I’m Sharing A Recipe…

Sheryl:

Sunday, December 20, 1914: <no entry>

Her middle-aged granddaughter’s comments 100 years later:

Readers participating in Grandma’s Bake-a-thon have shared many wonderful memories. We are giving Grandma a great send-off to live the rest of her life after the diary ends.

Today I’m reblogging an awesome post that Dianna at These Days of Mine did for the Bake-a-thon. She shares a wonderful Applesauce Cake recipe, and tells a heartwarming story about sharing the cake mini-loafs. And, I absolutely adore how she wraps the mini-loafs and ties ribbons around them. Dianna knows how to make a food gift really special.

Originally posted on these days of mine:

ALERT THE MEDIA!

(For those of you who don’t personally know me, let me share with you that I rarely cook, so the idea of me sharing a recipe is rather humorous.)

Today’s post is a combination: I’m participating in Mama Kat’s Writer’s Workshop:

2. Share a favorite holiday inspired recipe!

…and this is also my entry for the “Bake-a-thon” over at Sheryl’s blog “A Hundred Years Ago Today”.  For the past few years, Sheryl has shared her grandmother’s diary (written in 1911-1914) each day, but that diary comes to an end on December 31. Sheryl’s readers are sharing favorite family recipes as a way of honoring her grandmother and bidding farewell to the diary.

We didn’t often have desserts when I was a child, too tempting for my mom to have sweets in the house, I imagine. She would make peanut butter cookies occasionally, and sometimes, she…

View original 231 more words

Hundred-year-old Christmas Place Card Ideas

19-year-old Helena Muffly wrote exactly 100 years ago today: 

Saturday, December 19, 1914: <<no entry>>

Place card figures and rhymes

Source: Ladies Home Journal (December, 1914)

Her middle-aged granddaughter’s comments 100 years later:

Since Grandma again didn’t write anything a hundred years ago today, I’ll continue telling you how to create a “Christmassy” table. In addition to a centerpiece, Christmas place cards need to be made.

In case you aren’t a creative person, the December, 1914 issue of Ladies Home Journal included twelve “little people and little rimes” that could be cut out and glued onto tag board to make the place cards.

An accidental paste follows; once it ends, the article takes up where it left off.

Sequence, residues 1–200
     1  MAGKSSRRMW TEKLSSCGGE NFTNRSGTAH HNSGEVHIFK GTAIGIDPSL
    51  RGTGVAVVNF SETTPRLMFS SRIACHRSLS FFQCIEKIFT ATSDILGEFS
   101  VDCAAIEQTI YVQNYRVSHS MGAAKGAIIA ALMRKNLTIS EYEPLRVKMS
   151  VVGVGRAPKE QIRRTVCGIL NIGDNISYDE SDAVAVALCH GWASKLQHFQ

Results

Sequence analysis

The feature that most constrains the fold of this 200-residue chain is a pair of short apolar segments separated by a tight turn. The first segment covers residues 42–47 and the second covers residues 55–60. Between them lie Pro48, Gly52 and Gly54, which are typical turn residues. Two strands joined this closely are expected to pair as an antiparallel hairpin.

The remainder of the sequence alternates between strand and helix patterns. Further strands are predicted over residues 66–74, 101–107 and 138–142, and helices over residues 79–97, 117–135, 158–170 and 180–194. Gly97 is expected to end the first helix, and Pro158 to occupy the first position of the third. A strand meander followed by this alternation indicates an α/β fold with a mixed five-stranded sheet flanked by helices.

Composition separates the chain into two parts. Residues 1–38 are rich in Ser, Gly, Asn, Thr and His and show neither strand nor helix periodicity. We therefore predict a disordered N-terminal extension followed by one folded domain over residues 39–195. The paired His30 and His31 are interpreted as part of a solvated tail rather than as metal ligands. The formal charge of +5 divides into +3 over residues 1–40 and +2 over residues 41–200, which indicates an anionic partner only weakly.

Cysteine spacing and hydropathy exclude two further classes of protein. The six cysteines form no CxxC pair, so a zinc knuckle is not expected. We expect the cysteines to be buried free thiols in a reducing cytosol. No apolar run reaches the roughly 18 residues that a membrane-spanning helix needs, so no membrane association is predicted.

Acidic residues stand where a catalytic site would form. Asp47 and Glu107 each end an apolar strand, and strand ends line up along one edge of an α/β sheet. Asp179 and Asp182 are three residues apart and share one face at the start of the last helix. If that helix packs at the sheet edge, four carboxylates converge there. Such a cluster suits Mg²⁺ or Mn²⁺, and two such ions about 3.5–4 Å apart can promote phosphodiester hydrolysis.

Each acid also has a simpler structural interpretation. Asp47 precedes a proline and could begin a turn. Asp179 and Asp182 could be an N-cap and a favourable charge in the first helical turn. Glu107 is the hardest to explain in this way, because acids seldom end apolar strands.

What fun children making the cards must have had trying to decide who got which rime!

Hmm. . .who should get this one?

1914-12-26 g

. . . and, who is the perfect person for this one?

1914-12-26 f

 

Creating a “Christmassy” Table

19-year-old Helena Muffly wrote exactly 100 years ago today: 

Ponsietta Christmas Table Decoration

Source: Ladies Home Journal (December, 1914)

Friday, December 18, 1914: <<no entry>>

Her middle-aged granddaughter’s comments 100 years later:

Since Grandma didn’t write anything a hundred years ago today, I thought that you might enjoy these hundred-year old suggestions for how to create a “Christmassy” table.

It is the little extra touch that makes a table festive in appearance.

The table itself must be Christmassy in its setting and decorations, however simple, and once our eyes have taken it all in we settle down to the enjoyment of turkey and all the “fixins.”

Forest Christmas Table Decoration

Christmas table decorations

Christmas Wreaths a Hundred Years Ago

19-year-old Helena Muffly wrote exactly 100 years ago today: 

Thursday, December 17, 1914: <<no entry>>

evergreen wreath

Source: Ladies Home Journal (December, 1914)

Her middle-aged granddaughter’s comments 100 years later:

Since Grandma didn’t write anything a hundred years ago today, and to get into the holiday spirit, I thought you might enjoy seeing what Christmas wreaths looked like a hundred years ago.

Christmas greenery including a wreathThe wreath on the wall above the sideboard is decorated with tinsel, and a bright Christmas ball hangs at the bottom.

Wreath with ornaments Pretty wreaths are made by tying small sprigs to circular wire or wood frames.

wreath with red ribbons and bellsCrimson ribbon bows make a most effective contrast with the green sprays.

Ladies Home Journal (December, 1914)

Grandma’s April Fools’ Pranks

19-year-old Helena Muffly wrote exactly 100 years ago today: 

Wednesday, December 16, 1914: <<no entry>>

Her middle-aged granddaughter’s comments 100 years later:

Another day with no diary entry . . . sigh. . . so I’ll continue the story about Grandma’s sense of humor when she was an older woman.